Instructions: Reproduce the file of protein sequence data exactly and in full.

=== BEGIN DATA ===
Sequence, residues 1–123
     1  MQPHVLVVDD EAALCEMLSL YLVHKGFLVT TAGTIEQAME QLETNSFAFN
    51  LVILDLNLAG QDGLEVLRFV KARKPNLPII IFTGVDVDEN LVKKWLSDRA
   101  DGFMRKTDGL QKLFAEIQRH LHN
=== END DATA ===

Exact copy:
Sequence, residues 1–123
     1  MQPHVLVVDD EAALCEMLSL YLVHKGFLVT TAGTIEQAME QLETNSFAFN
    51  LVILDLNLAG QDGLEVLRFV KARKPNLPII IFTGVDVDEN LVKKWLSDRA
   101  DGFMRKTDGL QKLFAEIQRH LHN